The Vanhoy sisters have dedicated eight years of their lives to showing livestock at the N.C. State Fair

For some, anticipation for the North Carolina State Fair comes from dreaming about delicious, deep-fried food. For others, it comes from preparing an animal all year long and seeing your hard work pay off.

The North Carolina State Fair is a time-honored tradition for many families in the state, and offers many opportunities to showcase the talents and skills of North Carolinians

That is just what Hannah and Emma Vanhoy do every year at the beef heifer livestock competitions at the N.C. State Fair. The sisters have been showing beef heifers at the Fair for the past eight years and love the challenge of working with animals.

“We started showing with our high school livestock show team,” Hannah said. “When Covid started, we started showing on our own and have been ever since.”

Now, Emma is going into her second year of college and Hannah is an incoming freshman, both at North Carolina State University. Over the years, the two have accomplished and learned so much through the Fair.

“The biggest lesson I have learned has probably been that you get out what you put in,” Hannah said. “You must be diligent about the goals that you want to achieve. If you put in time and focus on what you want to achieve you will see the rewards.”

In 2021, Emma won the reserved supreme heifer at the junior show. This was a monumental win for her, as the calf had never won before. The sisters had gone through different problems with the calf, but she blossomed at the fair.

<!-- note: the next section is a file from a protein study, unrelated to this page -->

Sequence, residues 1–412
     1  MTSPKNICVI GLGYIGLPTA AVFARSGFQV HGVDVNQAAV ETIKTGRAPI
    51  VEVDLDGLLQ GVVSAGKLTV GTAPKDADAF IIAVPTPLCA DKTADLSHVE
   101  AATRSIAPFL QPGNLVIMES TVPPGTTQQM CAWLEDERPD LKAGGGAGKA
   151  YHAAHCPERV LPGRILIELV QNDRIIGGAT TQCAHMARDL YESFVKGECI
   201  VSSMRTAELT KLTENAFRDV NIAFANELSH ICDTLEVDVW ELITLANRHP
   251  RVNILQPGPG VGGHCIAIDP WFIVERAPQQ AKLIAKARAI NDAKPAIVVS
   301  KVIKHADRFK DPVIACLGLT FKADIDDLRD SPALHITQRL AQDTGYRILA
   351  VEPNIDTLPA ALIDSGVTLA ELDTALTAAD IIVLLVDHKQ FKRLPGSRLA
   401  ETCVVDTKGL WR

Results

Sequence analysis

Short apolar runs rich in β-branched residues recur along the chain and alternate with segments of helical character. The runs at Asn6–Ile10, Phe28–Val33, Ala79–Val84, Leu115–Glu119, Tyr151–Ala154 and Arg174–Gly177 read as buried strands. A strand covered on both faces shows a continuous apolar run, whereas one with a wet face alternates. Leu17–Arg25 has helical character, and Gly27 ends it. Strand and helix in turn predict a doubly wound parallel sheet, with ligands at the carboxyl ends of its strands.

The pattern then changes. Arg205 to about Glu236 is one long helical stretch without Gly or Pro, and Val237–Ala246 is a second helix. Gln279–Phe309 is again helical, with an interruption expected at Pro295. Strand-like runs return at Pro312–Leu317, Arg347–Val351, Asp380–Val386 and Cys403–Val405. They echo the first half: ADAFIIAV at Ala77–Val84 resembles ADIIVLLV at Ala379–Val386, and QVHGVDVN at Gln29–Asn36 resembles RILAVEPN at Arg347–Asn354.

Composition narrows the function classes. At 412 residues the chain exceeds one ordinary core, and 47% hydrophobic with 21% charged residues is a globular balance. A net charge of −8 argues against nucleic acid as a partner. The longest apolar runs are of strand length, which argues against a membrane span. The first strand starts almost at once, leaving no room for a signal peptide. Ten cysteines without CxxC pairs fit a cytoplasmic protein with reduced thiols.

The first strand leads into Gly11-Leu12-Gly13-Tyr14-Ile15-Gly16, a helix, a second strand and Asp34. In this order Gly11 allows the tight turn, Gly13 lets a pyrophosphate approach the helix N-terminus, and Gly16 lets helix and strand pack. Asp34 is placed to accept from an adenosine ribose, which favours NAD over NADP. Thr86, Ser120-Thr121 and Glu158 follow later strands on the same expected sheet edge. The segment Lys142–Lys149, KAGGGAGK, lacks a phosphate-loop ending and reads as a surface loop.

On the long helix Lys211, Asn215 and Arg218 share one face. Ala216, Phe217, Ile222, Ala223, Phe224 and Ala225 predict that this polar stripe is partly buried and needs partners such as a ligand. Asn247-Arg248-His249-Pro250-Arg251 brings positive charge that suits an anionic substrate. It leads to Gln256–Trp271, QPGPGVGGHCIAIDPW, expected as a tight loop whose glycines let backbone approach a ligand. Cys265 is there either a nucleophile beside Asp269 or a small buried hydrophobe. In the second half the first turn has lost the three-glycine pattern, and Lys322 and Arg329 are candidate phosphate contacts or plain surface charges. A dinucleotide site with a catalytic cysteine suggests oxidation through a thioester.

“It was pivotal,” Hannah said. “I even wrote my college essay on it. We took an animal that no one thought would win, and we did the unthinkable.”

The sisters’ success at the fair is a testament to their hard work and dedication. They spend hours every day feeding, grooming and training their heifers. They also attend county fairs to get experience showing their animals in front of judges before the State Fair.

“Hannah and I bought the cows we’re taking to the Fair last spring,” Emma said. “We have to find the animals and then bring them home and get a routine of feeding and rinsing and trying to get the animal comfortable around people.”

Developing a passion for raising and showing animals means that the sisters are continually learning. The North Carolina State Fair livestock community has helped the sisters in many ways.

From learning the ropes of clipping, rinsing and breaking to finding the best calf to buy for competitions, the sisters say that people in the livestock community have helped them grow over the years.

“I think the best advice would be to find a mentor,” Emma said. “The show world is completely different from anything else. We’ve had a bunch of people that helped us out and they are the reason that we are successful.”